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Queer Amendments
Freedom with Violence: Race, Sexuality, and the US State. Chandan Reddy. Durham, NC: Duke University Press, 2011. xiiixiii + 303303 pp.

While popular accounts of the US state narrate its role in protecting the freedom of sexual minorities against the threat of violence, much political critique counters this view by delineating how the state perpetuates racial violence in the name of such freedoms. In this groundbreaking book, Chandan Reddy reassesses the relationship between sexual freedom and racial violence by characterizing it instead as one of conjunction—an affiliative rather than causal link maintained through various forms of state mediation, legitimization, and amendment. As an entry point into and concise but acute exemplification of the logic of freedom with violence, Reddy cites the 2010 National Defense Authorization Act (NDAA), which conjoined the passage of celebrated LGBTQ hate-crime legislation and the increase of military spending to its highest point in US history. The act's passage was lauded by gay and civil rights groups alike, demonstrating how the "liberal egalitarian national state" (Reddy's incisive term for contemporary US governmentality) successfully covers over the contradictions in its own use of racial violence by concurrently promising to enforce sexual freedom (8).

Reddy argues that strategies like the NDAA allow the United States to secure a monopoly on its own use of "legitimate violence" and remain impervious to charges of imperialism or racism while continuing to pursue racial exploitation within its own boundaries and enabling "the military production of race wars" against "non-Western societies" (234). In this sense, the NDAA is an amendment to the state "body" that attempts to resolve the contradiction between the state's egalitarian raison d'être and its use of violence to perpetuate racialized immigration and labor practices rooted in logics of disposability. Using a thickly variegated archive of literary, legal, popular, and critical sources, Reddy's chapters in Freedom with Violence extend temporally and spatially from the NDAA example. Throughout the book, he disaggregates and reappropriates the disorganizing [End Page 411] excesses of the US state's monopoly on legitimate violence, insisting that, as with the NDAA, while sexual freedom professes to settle the inequalities of the past and promise egalitarianism, instead it "amends and regulatively frames" racialized violence (18).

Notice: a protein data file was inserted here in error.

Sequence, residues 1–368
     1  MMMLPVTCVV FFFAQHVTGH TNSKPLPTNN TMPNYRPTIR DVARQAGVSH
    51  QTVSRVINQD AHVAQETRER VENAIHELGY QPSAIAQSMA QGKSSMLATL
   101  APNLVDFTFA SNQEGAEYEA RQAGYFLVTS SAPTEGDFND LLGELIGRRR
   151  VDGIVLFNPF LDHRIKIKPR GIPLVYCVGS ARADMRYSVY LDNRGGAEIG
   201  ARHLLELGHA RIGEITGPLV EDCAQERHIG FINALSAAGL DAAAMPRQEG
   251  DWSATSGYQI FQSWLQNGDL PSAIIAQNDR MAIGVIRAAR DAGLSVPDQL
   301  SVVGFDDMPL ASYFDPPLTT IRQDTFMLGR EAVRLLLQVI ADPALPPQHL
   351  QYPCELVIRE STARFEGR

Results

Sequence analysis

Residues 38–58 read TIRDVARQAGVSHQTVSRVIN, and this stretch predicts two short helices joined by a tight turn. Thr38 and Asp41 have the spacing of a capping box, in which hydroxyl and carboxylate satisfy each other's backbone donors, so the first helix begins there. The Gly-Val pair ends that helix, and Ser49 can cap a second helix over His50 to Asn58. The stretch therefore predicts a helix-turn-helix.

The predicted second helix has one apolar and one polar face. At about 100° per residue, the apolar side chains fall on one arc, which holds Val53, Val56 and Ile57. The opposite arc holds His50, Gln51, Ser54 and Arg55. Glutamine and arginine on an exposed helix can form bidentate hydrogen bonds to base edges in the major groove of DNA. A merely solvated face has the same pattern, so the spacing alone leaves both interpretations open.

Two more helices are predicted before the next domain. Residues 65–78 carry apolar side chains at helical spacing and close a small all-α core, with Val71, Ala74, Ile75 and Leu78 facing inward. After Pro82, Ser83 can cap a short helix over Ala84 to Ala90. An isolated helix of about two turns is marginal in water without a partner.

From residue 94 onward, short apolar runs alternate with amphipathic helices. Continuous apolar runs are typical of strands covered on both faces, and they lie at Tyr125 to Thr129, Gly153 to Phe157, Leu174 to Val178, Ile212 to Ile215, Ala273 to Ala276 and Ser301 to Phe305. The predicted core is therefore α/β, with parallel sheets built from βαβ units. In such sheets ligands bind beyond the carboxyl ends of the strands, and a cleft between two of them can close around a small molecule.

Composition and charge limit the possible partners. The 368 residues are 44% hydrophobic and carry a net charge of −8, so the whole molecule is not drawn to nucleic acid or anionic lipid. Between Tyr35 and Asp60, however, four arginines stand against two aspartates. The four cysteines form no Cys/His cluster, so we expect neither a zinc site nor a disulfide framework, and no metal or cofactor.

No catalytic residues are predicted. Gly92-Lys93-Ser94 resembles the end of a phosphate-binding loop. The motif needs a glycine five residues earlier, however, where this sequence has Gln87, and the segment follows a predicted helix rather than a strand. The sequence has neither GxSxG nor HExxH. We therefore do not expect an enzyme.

The book's first chapters take up two African American modernist texts, W. E. B. Du Bois's Souls of Black Folk and Nella Larsen's Quicksand. Reddy argues that freedom with violence as a mode of governance emerged in the first quarter of the twentieth century, as a tactic of the state to uphold racial capitalism and state violence by incorporating African Americans into a brand of racial belonging that was constitutively defined as the deferral and denial of national citizenship. In contrast to interpretations of Du Bois's classic text that focus on its racial reformism or ambivalence, Reddy reads Souls against the grain as a disarming critique of positivist institutional knowledge: a testimony that blackness cannot be integrated into the linear narratives and demarcated spaces of officially sanctioned history and culture, formed as they are through the violence of forced labor practices and the artificial "freedom" of disciplinary constraints. Similarly, rejecting readings of Quicksand as a story of failed migrations, Reddy draws out Larsen's critique of an emergent system of governmentality (replacing the explicit racism of eugenics) in which the state manages industrial immigration and colonialist labor by manipulating racial subjectivity and securing noncitizenship for black women. In Quicksand the state extends freedom to the protagonist Helga through a "queer logic of inclusion" that is proffered hand in hand with—not against or through—the violence of racial alienage (132).

Reddy deftly connects the early chapters on literary modernism to the contemporary neoliberal moment discussed in later chapters by demonstrating how state-regulated racialization made possible both the development of the US welfare state in the early twentieth century and its continuing dissolution since the 1970s. The book's third and fourth chapters intervene in neoliberal governmentality's use of queerness and race, arguing that "sexuality mediates the violent racial and material conditions that the nation amends and conserves within itself" (246). In these latter chapters and the...